Adorei a palestra. Acho interessantíssima essa decisão de desperdício zero, porém, às vezes, temo que apenas poucas pessoas com ela, ou até como eu, não sejam capazes de promover uma mudança real, certo? Mas ela citou isso. Talvez esse pensamento seja equivocado, já que todas as grandes mudanças começaram com pequenas e todos aqueles que iniciaram alguma devem ter tido esse mesmo pensamento. Enfim, começarei por mim, pretendo. Obrigada por disponibilizarem a tradução!
Honestly, her lifestyle is too laborious and time consuming. In order to live in a sustainable environment, doing what she does is too much. I try to live a zero waste lifestyle by always drinking water from a reusable bottle, brushing my teeth with toothbrushes made from bamboo, grocery shopping with tote and mesh bags, using metal straws, using Tupperware instead of zip lock bags, etc but all you need to do is just recycle. She’s an environmental hero though and I take my hat off to her for living like that, but come on for reals? Making your own shampoo and deodorant? I’ll just buy those things and then recycle them later
Stop supporting WWF! They have CAUSED most of the problems to the environment since 1960's. Sounds Ridiculous, right? Climate Change and the release of CO2 has been caused by deforestation. Deforestation also occurs because fo mining, and mining poisons people. Mining also brings in diseases, which kills the local indigenous population.
Since the beginning of its work the WWF has received much appreciation from all governments on earth. It even acts in many nations as a de facto ministry for the environment. For good reasons:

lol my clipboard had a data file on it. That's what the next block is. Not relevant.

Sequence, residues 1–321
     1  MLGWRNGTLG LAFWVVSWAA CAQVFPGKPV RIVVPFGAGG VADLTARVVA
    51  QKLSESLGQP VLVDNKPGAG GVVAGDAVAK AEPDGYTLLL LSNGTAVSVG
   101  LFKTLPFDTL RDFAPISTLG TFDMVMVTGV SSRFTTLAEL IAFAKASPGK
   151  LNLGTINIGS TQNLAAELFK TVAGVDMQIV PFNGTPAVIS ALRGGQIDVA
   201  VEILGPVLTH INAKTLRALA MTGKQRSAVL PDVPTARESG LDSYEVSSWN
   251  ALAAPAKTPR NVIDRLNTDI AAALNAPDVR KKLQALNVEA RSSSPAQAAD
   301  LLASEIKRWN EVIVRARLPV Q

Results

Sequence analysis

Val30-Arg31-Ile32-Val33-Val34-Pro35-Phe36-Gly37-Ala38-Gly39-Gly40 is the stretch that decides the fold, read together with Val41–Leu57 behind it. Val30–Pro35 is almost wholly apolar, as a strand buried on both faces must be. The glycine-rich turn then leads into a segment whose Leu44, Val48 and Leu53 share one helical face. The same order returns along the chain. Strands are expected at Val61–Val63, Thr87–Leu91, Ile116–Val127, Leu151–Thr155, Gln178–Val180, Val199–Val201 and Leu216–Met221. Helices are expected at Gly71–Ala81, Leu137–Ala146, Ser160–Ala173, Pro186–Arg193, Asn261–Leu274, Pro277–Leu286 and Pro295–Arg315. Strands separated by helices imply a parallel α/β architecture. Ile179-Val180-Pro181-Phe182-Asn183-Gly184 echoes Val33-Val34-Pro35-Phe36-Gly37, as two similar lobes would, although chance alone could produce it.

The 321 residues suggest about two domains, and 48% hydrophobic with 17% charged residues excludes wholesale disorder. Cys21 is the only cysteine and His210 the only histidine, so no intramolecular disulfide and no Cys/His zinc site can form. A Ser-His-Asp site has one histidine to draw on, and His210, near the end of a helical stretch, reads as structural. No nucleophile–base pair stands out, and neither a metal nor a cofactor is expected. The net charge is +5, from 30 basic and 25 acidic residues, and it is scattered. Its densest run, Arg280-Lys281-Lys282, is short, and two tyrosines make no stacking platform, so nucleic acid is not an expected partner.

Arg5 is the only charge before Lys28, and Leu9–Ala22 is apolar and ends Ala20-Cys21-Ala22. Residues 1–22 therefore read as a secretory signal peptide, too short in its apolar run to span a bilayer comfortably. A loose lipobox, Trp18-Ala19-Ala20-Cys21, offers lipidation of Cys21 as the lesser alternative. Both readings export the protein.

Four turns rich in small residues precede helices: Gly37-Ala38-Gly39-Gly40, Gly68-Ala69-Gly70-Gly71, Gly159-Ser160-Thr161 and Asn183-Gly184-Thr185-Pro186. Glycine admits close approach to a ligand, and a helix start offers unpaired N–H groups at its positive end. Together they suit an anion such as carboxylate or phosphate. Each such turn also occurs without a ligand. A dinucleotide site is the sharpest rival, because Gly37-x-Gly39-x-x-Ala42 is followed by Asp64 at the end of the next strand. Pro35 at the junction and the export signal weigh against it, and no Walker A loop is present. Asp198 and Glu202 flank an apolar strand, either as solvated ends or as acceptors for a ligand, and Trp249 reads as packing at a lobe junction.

1. WWF is able to polish up the governments' good environmental image.
2. WWF helps to protect very small areas as nature reserves and therefore gives space for the indiscriminate destruction of huge remaining areas, by industry and small scale land grabbers. Their bluster about 'illegal' logging is merely a smoke screen to cover up the 95% of logging that is legal.
3. WWF helps to develop remote places with large areas of intact nature and get control over it.
4. As these remote areas are generally tribal lands of non-assimilated peoples WWF assists governments to get control over them and to assimilate them into the mainstream.
5. WWF promotes a very profitable tourism industry.
As a result of all this, the losers are savage peoples and - it may look paradoxical at first glance - wild nature in general due to the sacrifice of most of the land. As usual, the winner is the wealthy world.
The oppression of savage tribal peoples done by nature conservationists has never been a focus of discussion. Results of nature conservation activities have always been spin doctored to imply that the damages done to the savages were properly redressed. Shanty towns and coca-cola are no replacement for a three million year old culture. The point here is that compensation is irrelevant anyway, since these people should not be forcibly removed in the first place. The argument about compensation is a red herring to divert attention from the genocide being conducted by NGOs who pretend to support human rights.
In Zaire the Barhwa Pygmies were driven out of their ancestral land in order to establish the Kahuzi-Biega National Park. WWF has been deeply involved. The victims formerly lived, in dignity, in their traditional ways but are now exposed to alcoholism, prostitution, extreme poverty and exploitation by the neighbouring Bantu people. Likewise Bambuti Pygmies were driven out of the Maiko National Park as result of joint Government and WWF activities.